Silicon Valley has a lot of odd characters, but Tony Hsieh, the founder and chief executive of Zappos, is among its oddest. He’s considered to be both introverted and intensely charismatic. He shies away from the media spotlight but allows elaborate tours of his personal quarters. He built Zappos to more than $2 billion in annual sales, then nixed all job titles and managers in favor of a radical “self-governing” structure known as “holacracy.” And he’s spent two years and hundreds of millions of dollars on remaking Las Vegas according to his lofty techtopian vision.
That last effort—the Downtown Project—has been the subject of several media reports, most recently an in-depth series by Re/code. So it came as a bit of a surprise when Re/code interrupted the slew of longform coverage to report, along with Nevada’s KNPR News, that Tony Hsieh had handed off leadership of the project to his lawyer and that 30 percent or more of the project’s staff was being laid off. Sources told Re/code that new businesses brought in by Downtown Project were “bleeding money” and that the revitalization “seems like it’s being run by kids.” One source criticized Hsieh for hiring family members and “drinking buddies.”
The latest installment in the series makes some far more sinister insinuations. Between April 2013 and May 2014, three prominent members of the 300-person Downtown Project entrepreneur community committed suicide. Hsieh, author of Delivering Happiness, “seemed to work hard to keep each suicide quiet.” Grief resources were largely unavailable. Communitywide cathartic gatherings did not take place. Asked about the events by Re/code’s Nellie Bowles, Hsieh gave this response: “Suicides happen anywhere. Look at the stats.”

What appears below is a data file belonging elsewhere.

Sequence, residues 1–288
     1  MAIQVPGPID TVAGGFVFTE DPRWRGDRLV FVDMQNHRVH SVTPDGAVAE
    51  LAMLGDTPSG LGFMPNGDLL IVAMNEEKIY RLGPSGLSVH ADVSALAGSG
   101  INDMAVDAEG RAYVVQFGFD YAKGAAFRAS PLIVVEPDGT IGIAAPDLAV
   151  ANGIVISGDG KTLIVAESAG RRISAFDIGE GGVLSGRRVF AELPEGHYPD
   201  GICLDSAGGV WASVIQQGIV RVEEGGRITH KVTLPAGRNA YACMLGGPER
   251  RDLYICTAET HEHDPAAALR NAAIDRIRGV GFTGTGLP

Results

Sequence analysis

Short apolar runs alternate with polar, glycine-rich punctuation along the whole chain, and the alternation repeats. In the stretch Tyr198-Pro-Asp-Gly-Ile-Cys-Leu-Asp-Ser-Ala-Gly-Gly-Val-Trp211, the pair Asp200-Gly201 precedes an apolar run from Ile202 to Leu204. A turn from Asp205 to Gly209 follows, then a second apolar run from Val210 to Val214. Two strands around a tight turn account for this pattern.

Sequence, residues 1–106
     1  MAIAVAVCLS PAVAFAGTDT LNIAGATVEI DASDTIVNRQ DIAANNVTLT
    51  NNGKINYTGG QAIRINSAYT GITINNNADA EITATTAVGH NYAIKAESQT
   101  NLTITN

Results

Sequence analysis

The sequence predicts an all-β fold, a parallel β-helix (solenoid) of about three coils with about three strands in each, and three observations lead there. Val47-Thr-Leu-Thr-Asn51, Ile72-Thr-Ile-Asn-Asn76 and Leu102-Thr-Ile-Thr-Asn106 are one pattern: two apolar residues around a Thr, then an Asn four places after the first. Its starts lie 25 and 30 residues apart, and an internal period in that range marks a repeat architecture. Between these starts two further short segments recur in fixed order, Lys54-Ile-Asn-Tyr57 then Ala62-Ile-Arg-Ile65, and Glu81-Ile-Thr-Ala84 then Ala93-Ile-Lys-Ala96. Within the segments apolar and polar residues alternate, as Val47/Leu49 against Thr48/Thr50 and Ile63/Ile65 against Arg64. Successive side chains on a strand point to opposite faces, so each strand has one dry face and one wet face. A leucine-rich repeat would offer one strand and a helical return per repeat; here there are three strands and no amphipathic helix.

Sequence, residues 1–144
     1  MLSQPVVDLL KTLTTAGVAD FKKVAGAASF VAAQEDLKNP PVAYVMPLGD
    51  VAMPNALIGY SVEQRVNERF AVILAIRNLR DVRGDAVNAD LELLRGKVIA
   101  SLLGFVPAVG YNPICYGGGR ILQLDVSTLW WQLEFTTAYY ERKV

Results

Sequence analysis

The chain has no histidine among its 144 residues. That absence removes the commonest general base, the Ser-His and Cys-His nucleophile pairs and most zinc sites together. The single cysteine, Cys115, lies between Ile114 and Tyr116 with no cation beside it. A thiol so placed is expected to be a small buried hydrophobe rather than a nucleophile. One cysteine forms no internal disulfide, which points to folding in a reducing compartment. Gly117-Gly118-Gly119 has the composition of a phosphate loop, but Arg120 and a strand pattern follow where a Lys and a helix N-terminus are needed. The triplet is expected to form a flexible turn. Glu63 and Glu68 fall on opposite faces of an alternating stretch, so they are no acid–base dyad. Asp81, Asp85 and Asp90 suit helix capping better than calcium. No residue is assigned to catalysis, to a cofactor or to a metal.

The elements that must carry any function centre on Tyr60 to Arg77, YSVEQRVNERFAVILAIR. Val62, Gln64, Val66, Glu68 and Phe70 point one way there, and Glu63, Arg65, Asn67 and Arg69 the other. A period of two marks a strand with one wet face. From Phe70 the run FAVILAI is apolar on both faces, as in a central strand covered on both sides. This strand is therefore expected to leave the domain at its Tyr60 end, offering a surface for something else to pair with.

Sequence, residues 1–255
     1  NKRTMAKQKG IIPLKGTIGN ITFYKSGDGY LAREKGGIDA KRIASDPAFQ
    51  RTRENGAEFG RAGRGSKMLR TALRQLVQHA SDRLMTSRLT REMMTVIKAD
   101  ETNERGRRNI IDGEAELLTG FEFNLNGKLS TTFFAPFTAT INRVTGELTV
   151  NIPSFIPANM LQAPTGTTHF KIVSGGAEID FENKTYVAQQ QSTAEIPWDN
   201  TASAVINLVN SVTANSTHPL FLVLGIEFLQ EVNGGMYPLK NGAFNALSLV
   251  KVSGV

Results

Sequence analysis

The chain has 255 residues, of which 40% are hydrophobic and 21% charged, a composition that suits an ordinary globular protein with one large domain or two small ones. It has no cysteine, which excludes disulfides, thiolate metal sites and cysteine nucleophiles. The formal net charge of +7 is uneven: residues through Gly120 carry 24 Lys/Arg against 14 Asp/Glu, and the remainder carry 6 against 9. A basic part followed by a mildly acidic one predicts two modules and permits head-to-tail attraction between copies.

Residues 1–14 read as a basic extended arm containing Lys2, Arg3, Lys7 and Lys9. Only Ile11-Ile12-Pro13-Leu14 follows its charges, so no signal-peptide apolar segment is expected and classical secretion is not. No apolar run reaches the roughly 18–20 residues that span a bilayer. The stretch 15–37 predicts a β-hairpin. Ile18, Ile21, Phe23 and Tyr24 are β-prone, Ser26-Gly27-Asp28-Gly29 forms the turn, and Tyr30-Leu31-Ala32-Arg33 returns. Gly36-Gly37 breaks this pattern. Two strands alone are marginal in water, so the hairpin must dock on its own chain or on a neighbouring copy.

If there’s a dark side of techtopia—of the arrogant-bordering-on-delusional notion that a multimillion dollar investment and a happiness manifesto can remake a struggling city—this is it. “There is a danger of happiness as a goal,” one anonymous entrepreneur told Re/code. “It’s lonely. There’s a pressure to socialize and go out. There’s a pressure to party.” The notion that simply trying to make people happy—especially those who are not—can be unwise is hardly a radical one. In his article “The Pursuit of Happiness,” Andrew Solomon writes the following:
While being optimistic reduces stress, trying to be optimistic can increase it. The notion that positive thinking is correlated with good health puts enormous pressure on people to cleave to beliefs that they don’t actually trust. Someone develops cancer, and everyone around her tries to encourage her good moods and reprimands her when she is weepy or negative. It makes for a terrible sense of failure. And if she tries to be positive and gets sicker anyway, the tendency is for her to feel guilty, somehow culpable for the degeneration.
It should be telling, then, that one of the people Hsieh reportedly hired as part of a suicide response was Mark Rowland, a career coach who goes by the title of the “Happy Cheerleader.” Or that when Factorli—the project of an entrepreneur who followed Hsieh to Las Vegas as if he were the Pied Piper—began to flail, the Downtown Project team lost interest and killed it off. And that Hsieh, for his part, said he was not involved with Factorli and told Bowles he could not answer questions about it.
It’s too soon to tell if the Downtown Project was a legitimate venture or the egomaniacal whim of a wealthy technocrat. But the sixth installment in Re/code’s series is a dark and deeply disconcerting reminder that “delivering happiness” to a real community is not so easily distilled into a 272-page book.